Write down whatever springs to minds, be it other words that are particularly evocative for you, a snatch of past memory, even a smell.
Don’t think too hard, and most definitely don’t censor yourself.
When you’re done, pick one word or word phrase from your word web as a writing prompt and write for ten minutes. Again, don’t think too hard about this, just write. Forget about grammar or structure and just go with it. After ten minutes, put your piece of paper away and look at it a few days later. You may surprise yourself.
Interested in writing erotica?
Check out Kelly’s new book: Passionate Plots.
New and emerging writers, existing writers looking to expand their skills and readers of erotic literature interested in writing their own stories will find this book a lively and informative ‘how to’ on writing erotica. Written by a published author, including of the bestselling erotic memoir ‘Wicked Games’, Passionate Plots focuses upon plot and crafting integral erotic scenes, with practical exercises for the reader.
Kelly Lawrence’s Passionate Plots is a clear and concise teaching tool for anyone writing erotica or anyone just wanting to write a better sex scene. A must have for every writer’s reference shelf. ~ KD Grace, Bestselling author of ‘The Initiation of Ms Holly’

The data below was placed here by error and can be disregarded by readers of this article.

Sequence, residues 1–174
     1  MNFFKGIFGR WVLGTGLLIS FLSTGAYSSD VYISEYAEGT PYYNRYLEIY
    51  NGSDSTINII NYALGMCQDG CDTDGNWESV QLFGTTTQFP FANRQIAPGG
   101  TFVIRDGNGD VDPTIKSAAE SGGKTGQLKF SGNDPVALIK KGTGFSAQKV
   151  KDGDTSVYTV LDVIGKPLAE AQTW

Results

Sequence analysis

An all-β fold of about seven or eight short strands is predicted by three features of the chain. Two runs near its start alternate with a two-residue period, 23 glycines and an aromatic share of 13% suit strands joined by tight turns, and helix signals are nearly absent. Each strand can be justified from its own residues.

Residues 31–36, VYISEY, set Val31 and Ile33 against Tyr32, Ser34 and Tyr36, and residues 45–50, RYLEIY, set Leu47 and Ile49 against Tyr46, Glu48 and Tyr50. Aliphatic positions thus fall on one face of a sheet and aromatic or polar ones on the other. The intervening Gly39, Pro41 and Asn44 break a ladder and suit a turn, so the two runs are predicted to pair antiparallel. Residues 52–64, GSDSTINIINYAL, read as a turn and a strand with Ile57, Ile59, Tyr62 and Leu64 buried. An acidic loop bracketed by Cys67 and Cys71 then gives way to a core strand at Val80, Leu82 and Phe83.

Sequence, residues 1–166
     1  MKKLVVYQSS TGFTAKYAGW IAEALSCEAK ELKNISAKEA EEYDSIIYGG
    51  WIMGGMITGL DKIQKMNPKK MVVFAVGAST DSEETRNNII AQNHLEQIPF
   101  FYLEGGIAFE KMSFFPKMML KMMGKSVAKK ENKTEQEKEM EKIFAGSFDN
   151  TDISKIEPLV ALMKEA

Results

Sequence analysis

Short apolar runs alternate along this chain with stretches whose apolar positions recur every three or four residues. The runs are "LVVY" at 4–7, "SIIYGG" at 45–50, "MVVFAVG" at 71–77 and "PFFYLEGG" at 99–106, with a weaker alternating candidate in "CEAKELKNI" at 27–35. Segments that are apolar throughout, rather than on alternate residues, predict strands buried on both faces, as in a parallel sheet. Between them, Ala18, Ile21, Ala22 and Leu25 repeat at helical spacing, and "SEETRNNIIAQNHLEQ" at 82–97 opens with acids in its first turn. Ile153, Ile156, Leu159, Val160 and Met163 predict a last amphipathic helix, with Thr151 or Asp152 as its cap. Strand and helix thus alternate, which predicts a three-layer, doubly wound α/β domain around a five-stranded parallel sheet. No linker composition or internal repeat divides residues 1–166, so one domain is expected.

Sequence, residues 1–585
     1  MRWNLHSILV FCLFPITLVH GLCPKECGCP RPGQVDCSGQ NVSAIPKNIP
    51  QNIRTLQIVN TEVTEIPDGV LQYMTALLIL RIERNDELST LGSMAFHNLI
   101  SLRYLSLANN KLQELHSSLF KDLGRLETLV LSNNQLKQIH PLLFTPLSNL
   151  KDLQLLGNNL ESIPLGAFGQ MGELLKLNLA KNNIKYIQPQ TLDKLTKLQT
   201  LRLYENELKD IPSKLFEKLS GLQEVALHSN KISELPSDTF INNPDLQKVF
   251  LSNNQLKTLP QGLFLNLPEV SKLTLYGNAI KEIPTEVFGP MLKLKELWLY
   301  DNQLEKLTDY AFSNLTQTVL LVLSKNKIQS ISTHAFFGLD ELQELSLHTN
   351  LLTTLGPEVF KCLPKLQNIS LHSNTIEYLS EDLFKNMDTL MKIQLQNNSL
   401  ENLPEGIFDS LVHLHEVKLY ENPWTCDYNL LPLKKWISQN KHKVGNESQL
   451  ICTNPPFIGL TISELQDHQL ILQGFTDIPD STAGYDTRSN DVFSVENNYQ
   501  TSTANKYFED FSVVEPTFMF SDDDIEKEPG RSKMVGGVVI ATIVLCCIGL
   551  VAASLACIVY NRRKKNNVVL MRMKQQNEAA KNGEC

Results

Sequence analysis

Buy at: Compass Books or Amazon
Why Write Erotica? | Michelle Kelly
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A very insightful article. Yes, it takes talent and craft to write good erotica. I often tell the readers of my online magazine, which publishes erotic flash fiction, that the best sex stories are not about sex at all; but are really about relationships no matter how explicit the sex is.
Rosemarie Lynda Martin
Hi I would love to write erotic stories but I am unsure of how to go about it? even though I come across as shy to my friends and people I don’t know, I have a very exciting and imaginative vivid imagination and I would have no problem writing very explicit stories.I am great at spelling ,but not too sure about my punctuation? please can you give me some advice ? Thankyou Mrs Rosemarie Martin